EU warns Serbia and Montenegro are backsliding on rule of law as media freedom violations continue

by Jane Whyatt

MEPs have warned the so-called ’frontrunners’ for EU accession in the Western Balkans - Serbia and Montenegro - that the rule of law must be respected if they are ever to achieve membership of the European Union.

Justice 900X600 Law and justice. Photo: public domain

The warning comes from a committee meeting in the European Parliament regarding the Western Balkans, as press and media freedom violations continue in both the former Yugoslav states. 

"We keep witnessing backsliding, even in the so-called frontrunners [for EU membership in the region] Serbia and Montenegro," said Spanish MEP Javier Couso Permuy, Vice Chair of the Foreign Affairs Committee. The two countries are known as the regional 'frontrunners' because their negotiations with the EU are at a more advanced stage than those of the other Balkan countries. 

Summing up the debate that brought together experts, monitors and civil society representatives, the veteran MEP Eduard Kukan, a former Foreign Minister of Slovakia, stressed: "Rule of law is the backbone of democracy. There will be no discounts or shortcuts. Governments should have the courage to tell their populations that they are not doing this for Brussels, but for a better life for all their people."

One example of the backsliding on the rule of law is state interference in the public service broadcaster, RTS. The ongoing 1 in 5 million opposition movement claims that the RTS networks are not independent, but propaganda channels for the government, with demonstrators having stormed the public broadcaster's studios.

Violence erupted on 17. March 2019 in the Serbian capital, Belgrade, as demonstrators from the movement clashed with police outside the Serbian Presidency. Serbia's President Aleksandar Vučić was holding a press conference in the building at the time, precisely to address the storming of RTS.

Serbian journalists under pressure as protests swell Thousands of Serbs are protesting against propaganda, pressure and attacks on independent journalists, and against President Vucic’s strongman style of government. Photo: Visekruna Djordje

Persecution against journalists has been rampant in these Western Balkan countries. In December 2018, reporter Milan Jovanovic and his wife narrowly escaped being burnt to death in an arson attack on their home in Serbia. And in Montenegro, a car bomb targeting reporter Sead Sakinović and the shooting of Vijesti TV’s Olivera Lakić are interpreted as warnings from powerful people trying to silence independent journalism.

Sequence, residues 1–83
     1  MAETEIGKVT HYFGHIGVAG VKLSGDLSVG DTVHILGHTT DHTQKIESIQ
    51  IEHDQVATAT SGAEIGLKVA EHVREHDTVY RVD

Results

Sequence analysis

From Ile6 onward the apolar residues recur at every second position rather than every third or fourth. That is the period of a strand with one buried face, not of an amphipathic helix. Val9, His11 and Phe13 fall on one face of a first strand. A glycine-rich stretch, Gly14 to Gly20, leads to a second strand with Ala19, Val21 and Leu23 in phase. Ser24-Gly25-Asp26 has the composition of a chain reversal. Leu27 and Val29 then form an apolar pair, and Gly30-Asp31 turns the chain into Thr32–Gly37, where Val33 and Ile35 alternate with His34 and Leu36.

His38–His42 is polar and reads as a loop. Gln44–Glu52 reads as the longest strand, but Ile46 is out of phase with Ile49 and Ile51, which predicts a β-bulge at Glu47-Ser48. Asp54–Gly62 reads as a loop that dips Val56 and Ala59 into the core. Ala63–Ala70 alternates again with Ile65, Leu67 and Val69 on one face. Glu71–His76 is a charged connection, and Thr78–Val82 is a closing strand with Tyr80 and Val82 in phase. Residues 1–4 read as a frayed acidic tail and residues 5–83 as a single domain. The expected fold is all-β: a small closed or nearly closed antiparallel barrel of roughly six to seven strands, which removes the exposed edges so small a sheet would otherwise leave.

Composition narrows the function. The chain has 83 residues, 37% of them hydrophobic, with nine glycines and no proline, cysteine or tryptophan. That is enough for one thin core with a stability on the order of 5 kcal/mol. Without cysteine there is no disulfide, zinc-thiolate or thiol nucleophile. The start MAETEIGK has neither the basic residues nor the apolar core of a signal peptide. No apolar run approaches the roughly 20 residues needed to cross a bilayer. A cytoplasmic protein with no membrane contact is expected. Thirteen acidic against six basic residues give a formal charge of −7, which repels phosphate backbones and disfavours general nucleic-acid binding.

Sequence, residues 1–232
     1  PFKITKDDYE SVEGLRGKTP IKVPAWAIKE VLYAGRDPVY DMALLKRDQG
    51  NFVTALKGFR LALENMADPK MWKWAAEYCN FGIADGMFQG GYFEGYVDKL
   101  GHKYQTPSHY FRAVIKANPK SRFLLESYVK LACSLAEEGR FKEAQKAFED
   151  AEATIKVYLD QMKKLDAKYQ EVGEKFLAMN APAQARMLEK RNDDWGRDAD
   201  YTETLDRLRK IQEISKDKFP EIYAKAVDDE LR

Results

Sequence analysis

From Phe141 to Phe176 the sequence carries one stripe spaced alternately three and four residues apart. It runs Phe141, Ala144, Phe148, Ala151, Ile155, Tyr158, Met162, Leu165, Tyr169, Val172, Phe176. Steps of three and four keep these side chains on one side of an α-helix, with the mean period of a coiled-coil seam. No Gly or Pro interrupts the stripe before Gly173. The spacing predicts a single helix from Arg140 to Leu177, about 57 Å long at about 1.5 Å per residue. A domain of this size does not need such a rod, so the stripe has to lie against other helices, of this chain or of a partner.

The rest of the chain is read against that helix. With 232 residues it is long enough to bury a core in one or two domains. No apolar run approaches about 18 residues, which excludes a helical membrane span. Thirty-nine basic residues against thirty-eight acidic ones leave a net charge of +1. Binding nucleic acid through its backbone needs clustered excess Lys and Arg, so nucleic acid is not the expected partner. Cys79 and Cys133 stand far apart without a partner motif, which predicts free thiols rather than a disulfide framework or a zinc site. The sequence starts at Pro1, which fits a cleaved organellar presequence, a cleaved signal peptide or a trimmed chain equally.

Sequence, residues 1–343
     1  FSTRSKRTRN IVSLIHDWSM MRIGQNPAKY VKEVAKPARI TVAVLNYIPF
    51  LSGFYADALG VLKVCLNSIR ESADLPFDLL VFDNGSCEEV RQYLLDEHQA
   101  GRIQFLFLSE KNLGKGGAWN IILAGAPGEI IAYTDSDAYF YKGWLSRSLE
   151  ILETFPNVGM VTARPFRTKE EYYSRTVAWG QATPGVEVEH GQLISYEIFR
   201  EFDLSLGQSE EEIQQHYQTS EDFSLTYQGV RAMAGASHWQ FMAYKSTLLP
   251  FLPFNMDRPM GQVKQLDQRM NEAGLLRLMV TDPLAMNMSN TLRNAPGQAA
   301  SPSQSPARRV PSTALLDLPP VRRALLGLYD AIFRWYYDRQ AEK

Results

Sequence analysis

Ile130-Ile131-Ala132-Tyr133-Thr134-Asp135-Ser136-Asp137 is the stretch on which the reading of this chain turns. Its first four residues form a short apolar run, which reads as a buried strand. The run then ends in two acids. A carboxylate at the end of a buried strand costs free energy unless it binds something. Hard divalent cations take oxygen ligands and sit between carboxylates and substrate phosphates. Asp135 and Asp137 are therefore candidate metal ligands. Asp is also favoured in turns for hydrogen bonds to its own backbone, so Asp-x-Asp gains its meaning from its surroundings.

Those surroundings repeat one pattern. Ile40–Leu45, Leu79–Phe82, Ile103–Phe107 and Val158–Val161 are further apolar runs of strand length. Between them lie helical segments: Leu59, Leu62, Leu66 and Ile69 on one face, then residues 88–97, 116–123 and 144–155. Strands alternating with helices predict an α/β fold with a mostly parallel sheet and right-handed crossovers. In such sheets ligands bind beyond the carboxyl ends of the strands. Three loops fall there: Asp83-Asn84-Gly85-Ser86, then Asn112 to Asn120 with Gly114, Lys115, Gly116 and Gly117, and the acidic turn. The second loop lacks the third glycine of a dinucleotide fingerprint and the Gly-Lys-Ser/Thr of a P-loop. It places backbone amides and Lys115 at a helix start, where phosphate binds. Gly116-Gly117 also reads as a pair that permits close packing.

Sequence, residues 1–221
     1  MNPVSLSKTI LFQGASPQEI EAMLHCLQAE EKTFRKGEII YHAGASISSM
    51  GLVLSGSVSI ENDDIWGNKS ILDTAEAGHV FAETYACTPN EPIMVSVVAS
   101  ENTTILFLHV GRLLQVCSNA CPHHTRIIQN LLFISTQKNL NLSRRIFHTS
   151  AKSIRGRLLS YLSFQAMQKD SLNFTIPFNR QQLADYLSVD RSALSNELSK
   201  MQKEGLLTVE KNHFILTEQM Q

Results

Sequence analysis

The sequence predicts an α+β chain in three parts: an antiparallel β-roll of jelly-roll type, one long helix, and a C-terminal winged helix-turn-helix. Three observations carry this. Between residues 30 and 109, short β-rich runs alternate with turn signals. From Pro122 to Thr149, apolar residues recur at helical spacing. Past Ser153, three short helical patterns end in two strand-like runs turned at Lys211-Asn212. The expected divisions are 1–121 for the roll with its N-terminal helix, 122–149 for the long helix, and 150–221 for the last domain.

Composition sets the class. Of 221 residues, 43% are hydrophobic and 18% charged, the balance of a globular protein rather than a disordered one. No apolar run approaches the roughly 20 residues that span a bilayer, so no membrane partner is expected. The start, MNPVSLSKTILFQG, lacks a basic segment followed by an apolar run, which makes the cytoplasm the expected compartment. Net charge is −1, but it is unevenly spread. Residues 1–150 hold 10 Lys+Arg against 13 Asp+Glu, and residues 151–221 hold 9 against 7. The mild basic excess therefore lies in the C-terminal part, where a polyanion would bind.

Meanwhile, Montenegrin investigative reporter Jovo Martinović has been found guilty of downloading an encrypted messaging app and using it for drug deals. He was detained without trial or charges for 14 months, and has now been sentenced to 18 months in jail. - even though he was working undercover to expose the drug-smuggling gang and make a documentary for French TV network Canal+.

Martinović is currently out of jail as he awaits the appeal.  

“If those guys who are already in the EU can get away [with murder]...”

Martinović was awarded the Press Freedom Prize by Reporters Without Borders Austria at a ceremony in Vienna on 20. March. He gave an interview to ECPMF on the eve of the prize-giving ceremony. He said: "Olivera Lakić was shot in the leg – that was just a warning... They were delighted with what happened in Malta and Slovakia, they were thinking, 'if those guys who are already in the EU can get away with it, so can we!'"

In Malta, investigative reporter Daphne Caruana Galizia was murdered by a car bomb; and in Slovakia, journalists Ján Kuciak and his fiancee Martina Kušnírová were shot dead.

Jovo Martinović interview

Jovo Martinovic wide


Read here the ECPMF's interview with award-winning Montenegrin journalist Jovo Martinović.

Impunity is still an historic issue in both Montenegro and Serbia.

A response from Montenegro's government to an alert on the Council of Europe’s Safety of Journalists’ Platform was published on 20. March. It relates to the murder in 2004 of journalist Dusko Jovanovic, editor-in-chief of the Montenegrin opposition daily newspaper Dan. The state’s reply is that the investigators are waiting to receive forensic evidence from the Forensic Science Institute in Wiesbaden, Germany.

In Serbia, the long-running trial of four men accused of murdering opposition editor and publisher Slavko Curuvija 20 years ago in Belgrade - as he returned home from Easter lunch in April 1999 - continues. Now in its third year, the hearing has been characterised by delays and bureaucracy.

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Source information: This article was originally published by the European Centre for Press and Media Freedom –